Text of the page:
TOPEKA, Kan. — Howling winds, blowing snow, ice and colder temperatures have already hit most of Kansas, and the calendar says it’s not even winter yet. If Kansans have not checked their homeowners and vehicle insurance policies to be sure they are protected against winter hazards, they should now, according to Ken Selzer, CPA, Kansas Commissioner of Insurance.
“The first step is to check with your local insurance agents about what’s covered in your policies,” said Commissioner Selzer. “Overall, homeowners and vehicle policies provide basic protection, but some policies provide a broader range of coverages than others. It is best to know what your individual policy contains.”
Consumers should review these points about their winter insurance coverage:
- Most homeowners policies include coverage for wind, blowing snow and the weight of ice, snow and sleet on the structure.
- Damage to homes caused by falling objects such as trees is covered under most policies. However, the cost to remove limbs is usually not covered unless the tree first damages the structure.
- Water damage to a structure or its contents is usually excluded under most property insurance contracts. Check with your local insurance agent to be sure.
- Some policies may provide coverage from frozen pipes, as long as the damage is not a result of the homeowner’s failure to keep the home adequately heated.
- Many policies don’t include coverage for water that backs up from drains or sewers. That protection can be added to a policy by purchasing additional coverage or a rider.
- Flood damage from snow and ice melt is almost always excluded by homeowners’ policies. Flood-related policies can be obtained through the National Flood Insurance Program. Your local agent can provide details and make recommendations on what’s right for you.
- Vehicle coverage for winter-related accidents involving snow removal could be covered through collision coverage. Check with your agent for details.
- There are a couple of things to know if you lose power. First, if a fallen tree is to blame for the power outage, you may be covered by your homeowners policy. Second, regarding food spoiling in your refrigerator or freezer, a homeowners or renters policy often allows for compensation for food losses, but only up to a certain (usually fairly low dollar) amount. If your deductible is equal to or greater than this amount, unless you have other losses, you probably can’t claim just the loss of the food.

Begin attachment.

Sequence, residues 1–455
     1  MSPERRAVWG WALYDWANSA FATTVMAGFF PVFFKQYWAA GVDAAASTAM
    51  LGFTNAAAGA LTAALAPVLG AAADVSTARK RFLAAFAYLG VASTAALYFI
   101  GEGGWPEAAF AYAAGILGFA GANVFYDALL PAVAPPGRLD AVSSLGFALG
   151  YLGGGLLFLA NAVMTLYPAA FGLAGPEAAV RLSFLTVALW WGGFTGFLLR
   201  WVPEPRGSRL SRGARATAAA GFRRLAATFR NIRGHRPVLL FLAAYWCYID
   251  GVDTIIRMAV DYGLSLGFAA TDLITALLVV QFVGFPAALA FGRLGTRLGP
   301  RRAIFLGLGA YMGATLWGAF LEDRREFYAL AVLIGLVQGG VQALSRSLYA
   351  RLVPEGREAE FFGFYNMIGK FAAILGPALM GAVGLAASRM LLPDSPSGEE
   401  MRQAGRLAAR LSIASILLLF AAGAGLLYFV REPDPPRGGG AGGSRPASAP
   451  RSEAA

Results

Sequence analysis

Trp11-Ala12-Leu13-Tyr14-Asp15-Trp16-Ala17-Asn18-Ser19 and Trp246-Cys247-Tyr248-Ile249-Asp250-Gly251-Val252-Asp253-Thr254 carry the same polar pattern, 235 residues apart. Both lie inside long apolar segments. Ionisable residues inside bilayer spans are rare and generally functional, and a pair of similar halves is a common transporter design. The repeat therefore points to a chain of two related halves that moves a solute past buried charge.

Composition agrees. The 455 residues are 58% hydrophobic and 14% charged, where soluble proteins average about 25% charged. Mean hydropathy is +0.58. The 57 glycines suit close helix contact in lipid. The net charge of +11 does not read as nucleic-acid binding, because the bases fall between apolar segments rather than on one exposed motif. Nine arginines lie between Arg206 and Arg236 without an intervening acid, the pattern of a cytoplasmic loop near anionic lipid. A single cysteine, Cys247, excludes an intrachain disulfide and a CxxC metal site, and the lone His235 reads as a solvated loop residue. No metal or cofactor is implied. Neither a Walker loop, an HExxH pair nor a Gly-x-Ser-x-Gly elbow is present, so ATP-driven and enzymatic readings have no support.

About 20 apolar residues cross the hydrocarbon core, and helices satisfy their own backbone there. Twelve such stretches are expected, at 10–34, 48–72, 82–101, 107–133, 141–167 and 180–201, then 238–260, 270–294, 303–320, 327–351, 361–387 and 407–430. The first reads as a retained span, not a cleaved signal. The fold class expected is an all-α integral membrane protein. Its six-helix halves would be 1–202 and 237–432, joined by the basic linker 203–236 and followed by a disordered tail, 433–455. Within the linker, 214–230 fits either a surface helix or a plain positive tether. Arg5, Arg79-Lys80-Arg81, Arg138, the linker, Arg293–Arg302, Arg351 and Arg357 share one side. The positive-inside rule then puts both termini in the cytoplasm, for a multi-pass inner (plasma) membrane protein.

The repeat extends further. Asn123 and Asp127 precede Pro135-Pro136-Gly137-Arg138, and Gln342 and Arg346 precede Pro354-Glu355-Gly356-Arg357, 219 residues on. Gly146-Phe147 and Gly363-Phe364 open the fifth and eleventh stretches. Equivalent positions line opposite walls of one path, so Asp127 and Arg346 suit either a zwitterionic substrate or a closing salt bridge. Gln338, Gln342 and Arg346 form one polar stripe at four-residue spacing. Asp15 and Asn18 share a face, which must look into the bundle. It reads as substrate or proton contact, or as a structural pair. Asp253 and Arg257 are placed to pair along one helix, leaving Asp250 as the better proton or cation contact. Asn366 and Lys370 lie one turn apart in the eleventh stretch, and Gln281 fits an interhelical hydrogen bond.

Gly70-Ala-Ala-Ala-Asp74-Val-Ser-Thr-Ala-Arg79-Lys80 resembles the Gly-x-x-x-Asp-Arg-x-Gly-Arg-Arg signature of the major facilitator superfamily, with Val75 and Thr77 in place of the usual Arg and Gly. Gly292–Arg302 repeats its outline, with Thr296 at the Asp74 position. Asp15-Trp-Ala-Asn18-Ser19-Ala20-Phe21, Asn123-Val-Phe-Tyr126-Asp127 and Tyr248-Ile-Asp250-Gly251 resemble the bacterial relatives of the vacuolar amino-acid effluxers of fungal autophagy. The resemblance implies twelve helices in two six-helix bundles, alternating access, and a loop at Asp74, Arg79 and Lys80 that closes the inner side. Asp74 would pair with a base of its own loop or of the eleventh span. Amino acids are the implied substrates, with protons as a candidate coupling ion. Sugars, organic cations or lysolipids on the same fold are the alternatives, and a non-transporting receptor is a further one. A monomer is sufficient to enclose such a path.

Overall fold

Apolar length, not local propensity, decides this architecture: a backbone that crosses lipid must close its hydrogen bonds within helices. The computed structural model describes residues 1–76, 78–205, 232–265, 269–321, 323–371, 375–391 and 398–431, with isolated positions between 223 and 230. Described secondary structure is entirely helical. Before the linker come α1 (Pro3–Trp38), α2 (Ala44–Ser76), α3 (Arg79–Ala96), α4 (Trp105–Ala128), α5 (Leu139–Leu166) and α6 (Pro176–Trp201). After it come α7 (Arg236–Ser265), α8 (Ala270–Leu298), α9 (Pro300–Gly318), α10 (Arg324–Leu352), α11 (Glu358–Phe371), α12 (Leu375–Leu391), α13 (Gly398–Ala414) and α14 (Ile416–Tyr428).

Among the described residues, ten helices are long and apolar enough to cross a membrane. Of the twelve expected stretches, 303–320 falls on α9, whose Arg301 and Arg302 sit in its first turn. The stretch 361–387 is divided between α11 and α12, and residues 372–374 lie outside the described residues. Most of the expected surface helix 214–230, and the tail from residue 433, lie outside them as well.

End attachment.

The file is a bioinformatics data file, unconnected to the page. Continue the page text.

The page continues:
- Finally, hail damage can often occur during the winter months. I encourage you to talk to your agent about vehicle and homeowners policy coverage for hail.
When you contact your agent, you should have a copy of your policy or insurance card handy. If you have put together a vehicle or household winter storm preparation kit, you might want to keep a copy there, Commissioner Selzer said.
If you still have questions, contact our Kansas Insurance Department Consumer Assistance Representatives at 800-432-2484. Information is also available on our website, www.ksinsurance.org, including our publication, “Kansas Homeowners and Renters Insurance and Shopper’s Guide.”
“Checking your insurance coverage now could save time and stress throughout the winter,” Commissioner Selzer said.
Source: Kansas Insurance Department